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Pediatric Gastroenterology fellows talk to each other in the hall at Mayo Clinic in Rochester, Minnesota.

Clinical training

The Pediatric Gastroenterology Fellowship provides you with extensive clinical experience in general pediatric gastroenterology in both inpatient and outpatient ambulatory settings. Training in a variety of endoscopic procedures, as well as other diagnostic and therapeutic techniques, also is included. Length of research time depends on whether you choose the Clinical Scholar Track or the National Institutes of Health (NIH)-Sponsored Track.

Patient care

During the inpatient service, we serve as a consult service to our pediatric colleagues at Mayo Clinic Hospital — Rochester, Saint Marys Campus. Requests typically come from the general floor, Pediatric Hematology/Oncology, Neonatal ICU, Pediatric ICU, and coronary care unit, but may also come from our physical medicine and rehabilitation unit, Newborn Nursery, and psychiatric unit.

You participate in the postoperative management of patients who have had a liver transplant. You serve as a first assistant to the staff and learn how to manage many types of cases, from the straightforward to the complex. Procedures are performed on hospitalized patients.

During the progression of the Pediatric Gastroenterology Fellowship, you are expected to serve in a junior faculty-type role, directly supervising and guiding medical residents rotating on the team, together with the staff physician.

During the outpatient department rotation, you rotate through our subspecialty clinics — aerodigestive, celiac, liver and liver transplant, and inflammatory bowel disease (IBD) — where you work directly with expert staff gastroenterologists. In the outpatient practice, the same focus on pragmatic and scholarly approaches to diagnostic and therapeutic gastrointestinal problems exists. In all rotations, you work directly with a supervising staff gastroenterologist. Additional rotations include pathology, radiology, and nutrition.

Trainees are enrolled in several classes to enhance communication skills. You use the Mayo Clinic Multidisciplinary Simulation Center to practice scenarios unique to the care of our patients with complex gastrointestinal and liver diseases.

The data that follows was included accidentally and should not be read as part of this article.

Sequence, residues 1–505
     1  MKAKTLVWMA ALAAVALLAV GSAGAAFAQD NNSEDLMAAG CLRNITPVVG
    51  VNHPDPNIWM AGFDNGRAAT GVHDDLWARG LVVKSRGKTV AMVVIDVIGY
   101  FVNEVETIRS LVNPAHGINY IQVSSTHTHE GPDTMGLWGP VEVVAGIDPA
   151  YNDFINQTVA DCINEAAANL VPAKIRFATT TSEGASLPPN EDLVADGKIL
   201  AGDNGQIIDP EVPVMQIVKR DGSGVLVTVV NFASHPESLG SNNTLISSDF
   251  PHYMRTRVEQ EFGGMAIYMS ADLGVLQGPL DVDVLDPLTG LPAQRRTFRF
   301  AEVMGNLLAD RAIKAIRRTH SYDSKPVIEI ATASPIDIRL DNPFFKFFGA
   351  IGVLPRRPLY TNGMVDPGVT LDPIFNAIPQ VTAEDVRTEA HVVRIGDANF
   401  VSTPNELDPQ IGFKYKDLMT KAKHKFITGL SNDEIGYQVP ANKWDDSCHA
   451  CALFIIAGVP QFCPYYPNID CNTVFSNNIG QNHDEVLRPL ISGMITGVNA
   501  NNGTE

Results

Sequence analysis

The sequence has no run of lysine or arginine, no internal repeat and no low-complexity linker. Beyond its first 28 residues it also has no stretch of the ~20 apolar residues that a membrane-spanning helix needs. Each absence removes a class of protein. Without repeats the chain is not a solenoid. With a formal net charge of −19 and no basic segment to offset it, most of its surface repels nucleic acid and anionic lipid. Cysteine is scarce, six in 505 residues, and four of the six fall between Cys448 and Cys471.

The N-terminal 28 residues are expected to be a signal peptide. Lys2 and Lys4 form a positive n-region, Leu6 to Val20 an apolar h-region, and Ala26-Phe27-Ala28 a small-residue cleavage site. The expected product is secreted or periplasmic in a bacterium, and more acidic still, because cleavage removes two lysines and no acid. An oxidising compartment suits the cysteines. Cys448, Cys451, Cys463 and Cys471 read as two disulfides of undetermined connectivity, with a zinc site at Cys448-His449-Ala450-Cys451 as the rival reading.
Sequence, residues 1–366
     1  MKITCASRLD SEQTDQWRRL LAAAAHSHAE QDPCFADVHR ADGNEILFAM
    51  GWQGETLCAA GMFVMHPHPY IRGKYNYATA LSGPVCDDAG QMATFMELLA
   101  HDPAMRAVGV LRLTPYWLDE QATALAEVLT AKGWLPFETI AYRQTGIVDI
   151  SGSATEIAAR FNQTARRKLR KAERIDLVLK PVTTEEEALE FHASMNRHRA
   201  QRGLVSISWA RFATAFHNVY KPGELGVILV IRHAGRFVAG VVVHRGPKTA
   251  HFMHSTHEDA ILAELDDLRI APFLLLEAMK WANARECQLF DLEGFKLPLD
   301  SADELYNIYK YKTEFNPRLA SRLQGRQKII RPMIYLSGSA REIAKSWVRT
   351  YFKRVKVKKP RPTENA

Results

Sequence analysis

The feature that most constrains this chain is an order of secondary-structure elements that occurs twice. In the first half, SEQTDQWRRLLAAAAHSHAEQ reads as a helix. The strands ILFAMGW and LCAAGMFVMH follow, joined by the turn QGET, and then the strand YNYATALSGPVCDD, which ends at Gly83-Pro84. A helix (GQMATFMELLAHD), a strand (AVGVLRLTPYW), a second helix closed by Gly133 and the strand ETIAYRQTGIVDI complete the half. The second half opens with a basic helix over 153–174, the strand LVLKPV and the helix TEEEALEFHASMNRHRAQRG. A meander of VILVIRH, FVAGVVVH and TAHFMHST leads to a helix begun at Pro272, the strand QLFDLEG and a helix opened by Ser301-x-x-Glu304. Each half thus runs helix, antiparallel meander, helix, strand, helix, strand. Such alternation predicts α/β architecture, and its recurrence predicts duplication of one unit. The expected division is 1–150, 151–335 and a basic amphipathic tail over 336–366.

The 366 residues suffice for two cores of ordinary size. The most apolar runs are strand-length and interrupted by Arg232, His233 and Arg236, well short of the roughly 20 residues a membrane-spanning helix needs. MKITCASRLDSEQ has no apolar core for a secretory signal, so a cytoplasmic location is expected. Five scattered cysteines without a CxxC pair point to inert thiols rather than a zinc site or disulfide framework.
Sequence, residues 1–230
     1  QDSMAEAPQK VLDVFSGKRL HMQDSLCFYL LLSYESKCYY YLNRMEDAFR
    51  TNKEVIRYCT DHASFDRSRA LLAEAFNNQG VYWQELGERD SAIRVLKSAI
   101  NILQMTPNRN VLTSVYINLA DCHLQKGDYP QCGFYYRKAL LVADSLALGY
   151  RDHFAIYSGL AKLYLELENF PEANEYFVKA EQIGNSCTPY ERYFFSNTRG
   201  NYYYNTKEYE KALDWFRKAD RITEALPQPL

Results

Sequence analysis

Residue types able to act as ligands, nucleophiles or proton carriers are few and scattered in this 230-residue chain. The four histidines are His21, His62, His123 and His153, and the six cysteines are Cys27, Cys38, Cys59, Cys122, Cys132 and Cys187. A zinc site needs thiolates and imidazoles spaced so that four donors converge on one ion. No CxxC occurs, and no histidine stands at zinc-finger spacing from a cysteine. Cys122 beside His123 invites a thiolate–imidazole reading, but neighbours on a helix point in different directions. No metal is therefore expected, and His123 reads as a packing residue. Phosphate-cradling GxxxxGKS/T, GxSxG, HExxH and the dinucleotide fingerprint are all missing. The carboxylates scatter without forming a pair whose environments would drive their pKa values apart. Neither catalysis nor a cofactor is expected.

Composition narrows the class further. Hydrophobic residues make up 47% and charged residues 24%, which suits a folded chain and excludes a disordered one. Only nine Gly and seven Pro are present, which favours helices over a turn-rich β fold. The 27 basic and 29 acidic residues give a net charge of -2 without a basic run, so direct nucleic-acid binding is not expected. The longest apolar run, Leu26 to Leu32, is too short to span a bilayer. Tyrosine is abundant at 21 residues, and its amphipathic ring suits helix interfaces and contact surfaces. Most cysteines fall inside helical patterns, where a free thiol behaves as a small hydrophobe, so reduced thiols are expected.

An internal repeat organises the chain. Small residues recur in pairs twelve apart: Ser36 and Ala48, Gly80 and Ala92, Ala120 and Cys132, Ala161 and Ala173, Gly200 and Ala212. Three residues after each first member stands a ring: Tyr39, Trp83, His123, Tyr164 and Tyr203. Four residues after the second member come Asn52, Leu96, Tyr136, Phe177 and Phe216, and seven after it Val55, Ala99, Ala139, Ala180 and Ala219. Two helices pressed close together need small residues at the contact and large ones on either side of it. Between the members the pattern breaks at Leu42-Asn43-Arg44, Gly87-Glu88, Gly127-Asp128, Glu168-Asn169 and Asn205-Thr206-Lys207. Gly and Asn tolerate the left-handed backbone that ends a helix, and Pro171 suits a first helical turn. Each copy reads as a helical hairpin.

All procedures are performed under the direct supervision of Mayo Clinic staff gastroenterologists. Procedural training includes upper endoscopy, esophageal dilation, variceal banding, esophageal pH readings, and colonoscopy.

Through collaboration with our adult gastroenterology colleagues, the endoscopic experience includes exposure to electrocoagulation, hemoclip application, variceal banding and various stenting procedures, endoscopic retrograde cholangiopancreatography, and endoscopic ultrasound. You also have opportunities to learn about gastrointestinal motility, the dynamic assessment of pancreatic, hepatobiliary and gastrointestinal function, and other procedures.

Didactic training

Clinical conferences, journal clubs and formal coursework in the Center for Clinical and Translational Science, as well as one-on-one instruction, are integral parts of the Pediatric Gastroenterology Fellowship. You work one-on-one with staff gastroenterologists during all aspects of your training. Bedside instruction and other informal teaching methods also are part of the fellowship.


A variety of conferences are held each week. A core curriculum is given early each academic year, and you are enrolled in formal coursework in the Center for Clinical and Translational Science. The Division of Pediatric Gastroenterology and Hepatology holds a weekly conference, as do the Pediatric Inflammatory Bowel Disease Interest Group and Aerodigestive Interest Group.

You may also find topics of special interest in other conferences sponsored by the Department of Pediatric and Adolescent Medicine, Division of Gastroenterology and Hepatology, and Department of Clinical Genomics.

On a monthly basis, we have a combined pediatric gastroenterology, surgery, and radiology conference that highlights challenging cases in a multidisciplinary fashion. Each month, you also attend a pediatric subspecialty conference focusing on aspects of improving communication and presentation skills, ethics, and aspects of pediatric research.

The weekly schedule may include:


  • Pediatric gastroenterology didactic conference*
  • Gastroenterology and Hepatology Grand Rounds


  • Pediatric IBD Interest Group*


  • Celiac Interest Group
  • IBD Interest Group
  • Liver transplant selection conference


  • Liver pathology conference
  • Pediatric residency noon conference
  • Gastroenterology and Hepatology Grand Rounds


  • Pediatric Grand Rounds
  • Pediatric gastroenterology sign out
  • Hepatobiliary Interest Group

*Fellows make presentations at these conferences.

Research training

The research experience is typically 12 to 18 months in the Clinical Scholar Track and is 24 months in the NIH-Sponsored Track.

At Mayo Clinic, research mentors closely supervise protocol development, the conduct of the study, data analysis, and final manuscript preparation. Our division's statistician is available to review methodology and statistical considerations. Our fellows have been successful in publishing at least one first-authored manuscript and have typically presented several posters at national meetings.